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Patty Craig; A Slice Of Times

In Kentucky, January and February tend to be our coldest months with some chance of snow or ice. One thing many people dread about winter is, when necessary, having to drive in hazardous conditions. Recently, I found some advice regarding winter driving, items for the winter vehicle, and parking lot safety.

First, I appreciate tips that might help me be a better driver. The AAA Traveler (January 2021, page 16) included an article entitled “Myths Abound Regarding Winter-Driving Advice.” This article provided the following driving advice:

-If conditions become too hazardous, stay home.

-Tire pressure should be set to what the car manufacturer recommends. Deflating the tires does more damage than good.

-If the car begins sliding on ice, don’t hit the brakes. Ease off the gas and direct the wheels to match the direction in which the rear of the vehicle is sliding.

-Clear snow or ice from windows, roof, hood, and trunk. Otherwise, flying ice or snow can land on another person’s windshield, causing an accident.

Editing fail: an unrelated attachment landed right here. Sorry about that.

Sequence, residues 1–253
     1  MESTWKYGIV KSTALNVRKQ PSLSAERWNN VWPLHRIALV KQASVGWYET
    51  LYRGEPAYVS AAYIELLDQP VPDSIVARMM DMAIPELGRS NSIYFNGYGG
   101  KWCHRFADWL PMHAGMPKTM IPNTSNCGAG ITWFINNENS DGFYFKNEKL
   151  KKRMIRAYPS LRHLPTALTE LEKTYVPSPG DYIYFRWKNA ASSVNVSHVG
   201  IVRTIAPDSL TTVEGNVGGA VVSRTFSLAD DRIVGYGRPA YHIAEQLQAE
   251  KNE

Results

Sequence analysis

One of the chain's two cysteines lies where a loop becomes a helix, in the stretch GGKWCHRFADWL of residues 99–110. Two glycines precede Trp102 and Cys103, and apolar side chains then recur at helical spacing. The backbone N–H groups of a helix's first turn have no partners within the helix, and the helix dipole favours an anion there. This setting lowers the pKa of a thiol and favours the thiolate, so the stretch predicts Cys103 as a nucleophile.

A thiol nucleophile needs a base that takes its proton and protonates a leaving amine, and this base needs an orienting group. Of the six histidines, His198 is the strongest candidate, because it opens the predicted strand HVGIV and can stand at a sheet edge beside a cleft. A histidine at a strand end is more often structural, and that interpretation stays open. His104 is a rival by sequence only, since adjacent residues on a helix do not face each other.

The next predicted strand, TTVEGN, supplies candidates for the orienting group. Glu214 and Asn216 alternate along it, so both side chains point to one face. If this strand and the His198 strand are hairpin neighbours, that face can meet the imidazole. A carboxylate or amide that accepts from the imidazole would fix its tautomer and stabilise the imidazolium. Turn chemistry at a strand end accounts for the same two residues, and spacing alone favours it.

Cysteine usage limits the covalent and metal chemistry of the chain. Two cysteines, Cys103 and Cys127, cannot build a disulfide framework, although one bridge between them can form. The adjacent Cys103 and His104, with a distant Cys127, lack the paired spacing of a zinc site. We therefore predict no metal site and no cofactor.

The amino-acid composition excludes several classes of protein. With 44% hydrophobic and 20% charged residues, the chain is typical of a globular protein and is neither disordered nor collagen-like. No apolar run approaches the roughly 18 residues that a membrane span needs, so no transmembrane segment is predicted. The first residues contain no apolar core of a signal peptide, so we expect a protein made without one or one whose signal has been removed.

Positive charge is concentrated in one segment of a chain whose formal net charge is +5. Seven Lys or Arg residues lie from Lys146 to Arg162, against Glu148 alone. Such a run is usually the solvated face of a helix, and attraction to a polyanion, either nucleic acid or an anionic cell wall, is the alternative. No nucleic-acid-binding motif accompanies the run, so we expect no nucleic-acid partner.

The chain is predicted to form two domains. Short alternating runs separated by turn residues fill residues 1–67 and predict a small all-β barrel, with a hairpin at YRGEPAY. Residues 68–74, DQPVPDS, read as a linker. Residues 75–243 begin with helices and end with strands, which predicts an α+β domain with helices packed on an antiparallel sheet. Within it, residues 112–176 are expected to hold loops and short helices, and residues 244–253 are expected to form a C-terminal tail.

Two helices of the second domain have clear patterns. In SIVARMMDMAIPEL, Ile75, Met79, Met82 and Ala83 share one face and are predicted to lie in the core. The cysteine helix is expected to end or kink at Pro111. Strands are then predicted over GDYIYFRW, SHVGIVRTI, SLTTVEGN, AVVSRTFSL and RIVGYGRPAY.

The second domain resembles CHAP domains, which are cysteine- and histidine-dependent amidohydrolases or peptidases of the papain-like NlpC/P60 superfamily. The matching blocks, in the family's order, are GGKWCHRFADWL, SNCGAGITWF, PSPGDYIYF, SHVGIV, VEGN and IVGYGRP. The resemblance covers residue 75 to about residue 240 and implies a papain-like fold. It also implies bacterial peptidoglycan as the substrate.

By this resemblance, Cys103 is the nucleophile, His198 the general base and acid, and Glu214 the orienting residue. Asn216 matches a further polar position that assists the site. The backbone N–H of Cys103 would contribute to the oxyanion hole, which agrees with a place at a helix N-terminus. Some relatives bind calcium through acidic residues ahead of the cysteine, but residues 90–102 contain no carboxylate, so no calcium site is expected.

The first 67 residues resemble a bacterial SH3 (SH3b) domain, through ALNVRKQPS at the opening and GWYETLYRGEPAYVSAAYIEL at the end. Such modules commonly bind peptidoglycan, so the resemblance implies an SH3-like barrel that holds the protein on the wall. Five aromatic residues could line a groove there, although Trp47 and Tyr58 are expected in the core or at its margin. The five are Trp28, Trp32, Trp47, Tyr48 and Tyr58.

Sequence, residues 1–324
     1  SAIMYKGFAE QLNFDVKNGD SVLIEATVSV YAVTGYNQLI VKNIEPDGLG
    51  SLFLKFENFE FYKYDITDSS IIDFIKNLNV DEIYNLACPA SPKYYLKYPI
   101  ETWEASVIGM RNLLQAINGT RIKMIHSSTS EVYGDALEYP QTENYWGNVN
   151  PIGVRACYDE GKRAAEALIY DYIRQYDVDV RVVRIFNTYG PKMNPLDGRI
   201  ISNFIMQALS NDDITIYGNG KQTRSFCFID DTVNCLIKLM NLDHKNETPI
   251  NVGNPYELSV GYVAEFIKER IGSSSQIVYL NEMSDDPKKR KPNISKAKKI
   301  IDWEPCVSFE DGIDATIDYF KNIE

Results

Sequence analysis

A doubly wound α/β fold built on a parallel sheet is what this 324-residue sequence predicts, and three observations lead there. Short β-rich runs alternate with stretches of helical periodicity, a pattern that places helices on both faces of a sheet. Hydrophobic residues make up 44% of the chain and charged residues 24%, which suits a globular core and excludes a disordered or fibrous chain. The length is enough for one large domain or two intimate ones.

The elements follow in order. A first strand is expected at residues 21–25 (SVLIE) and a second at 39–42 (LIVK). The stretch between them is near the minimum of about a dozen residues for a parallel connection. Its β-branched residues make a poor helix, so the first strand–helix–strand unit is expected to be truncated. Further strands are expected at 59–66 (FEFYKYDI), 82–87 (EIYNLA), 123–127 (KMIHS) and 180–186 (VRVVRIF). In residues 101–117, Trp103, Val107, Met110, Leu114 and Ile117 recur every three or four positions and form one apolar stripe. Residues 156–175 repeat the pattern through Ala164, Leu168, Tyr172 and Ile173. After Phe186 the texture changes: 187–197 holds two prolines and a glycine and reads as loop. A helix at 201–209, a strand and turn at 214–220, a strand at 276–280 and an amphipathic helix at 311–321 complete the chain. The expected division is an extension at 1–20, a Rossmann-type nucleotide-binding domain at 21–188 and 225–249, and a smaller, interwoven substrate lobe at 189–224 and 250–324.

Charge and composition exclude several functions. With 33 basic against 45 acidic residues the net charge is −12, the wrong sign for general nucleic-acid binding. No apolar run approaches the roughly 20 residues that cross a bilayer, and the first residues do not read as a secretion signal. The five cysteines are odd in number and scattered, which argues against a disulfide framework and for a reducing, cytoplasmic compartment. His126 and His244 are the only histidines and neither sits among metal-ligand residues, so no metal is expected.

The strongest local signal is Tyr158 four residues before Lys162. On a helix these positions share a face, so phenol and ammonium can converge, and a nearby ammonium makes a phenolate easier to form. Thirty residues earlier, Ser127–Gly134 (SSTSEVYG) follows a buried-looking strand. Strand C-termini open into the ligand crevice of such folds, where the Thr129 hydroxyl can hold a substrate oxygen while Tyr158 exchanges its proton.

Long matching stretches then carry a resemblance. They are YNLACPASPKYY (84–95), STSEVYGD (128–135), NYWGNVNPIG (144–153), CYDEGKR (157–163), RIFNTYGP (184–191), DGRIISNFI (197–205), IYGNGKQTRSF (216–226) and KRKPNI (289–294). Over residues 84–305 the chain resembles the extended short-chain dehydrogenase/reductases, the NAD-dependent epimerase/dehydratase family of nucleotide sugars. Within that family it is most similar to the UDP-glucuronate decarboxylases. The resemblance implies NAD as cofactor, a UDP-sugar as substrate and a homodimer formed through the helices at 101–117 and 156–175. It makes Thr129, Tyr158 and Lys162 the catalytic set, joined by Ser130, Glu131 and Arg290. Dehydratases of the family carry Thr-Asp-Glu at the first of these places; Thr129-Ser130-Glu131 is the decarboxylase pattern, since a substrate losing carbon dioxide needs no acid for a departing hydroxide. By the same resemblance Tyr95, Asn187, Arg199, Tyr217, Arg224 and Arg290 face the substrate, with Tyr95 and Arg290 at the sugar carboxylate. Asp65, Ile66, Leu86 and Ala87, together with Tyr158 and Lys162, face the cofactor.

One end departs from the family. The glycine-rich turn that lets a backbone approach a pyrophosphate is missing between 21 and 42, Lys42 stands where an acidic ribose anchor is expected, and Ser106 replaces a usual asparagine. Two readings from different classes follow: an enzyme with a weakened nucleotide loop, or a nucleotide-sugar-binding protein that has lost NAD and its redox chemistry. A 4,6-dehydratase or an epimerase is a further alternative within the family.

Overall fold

-Vehicles should be washed every couple of weeks if the weather permits. Road salt or caked-on sand that’s been used on roads can cause damage to a vehicle’s body.

In retrospect, I haven’t always done each of these things; but in the future, I will be more aware.

Second, the Firestone Blog ( listed ten items to carry in a vehicle during the winter. 

1.Portable phone charger/battery (preferably a portable battery)

2.Ice scraper


4.Bag of sand or kitty litter

5.Hazard triangles or LED flashers


7.Blankets and extra cold-weather clothes

8.Snacks and water

9.First aid kit

10.Jumper cables

When the weather is snowy, icy, and unpredictable, keeping emergency supplies in the vehicle is important. Planning ahead could make a bad day better.

Third, “Parking Lot Safety” was an article published on the Family Safety & Health website ( This article presented common-sense safety tips:

-Park in a highly visible and well-lit area. Use main building entrances, avoiding rear or secluded exits.

-Always be alert to your surroundings. Keep your head up and look around. If you have to walk alone, don’t wear headphones or talk on the phone.

-If you have to walk alone, have someone watch you from a window, a door, etc. Even if no one is watching you, wave to give the illusion that someone is watching as you return to your vehicle.

-Have your keys out and ready as you approach your vehicle. Then lock the doors and keep the windows rolled up once you’re in the vehicle.

Unfortunately, parking lots are sites for theft, accidents and kidnappings. So, being cautious is necessary.


I read a slogan that said, “The best drivers are aware that they must beware.” Drivers should be aware of advice regarding winter driving, items for the winter vehicle, and parking lot safety. After all, “chance takers are accident makers,” and we want you safe.


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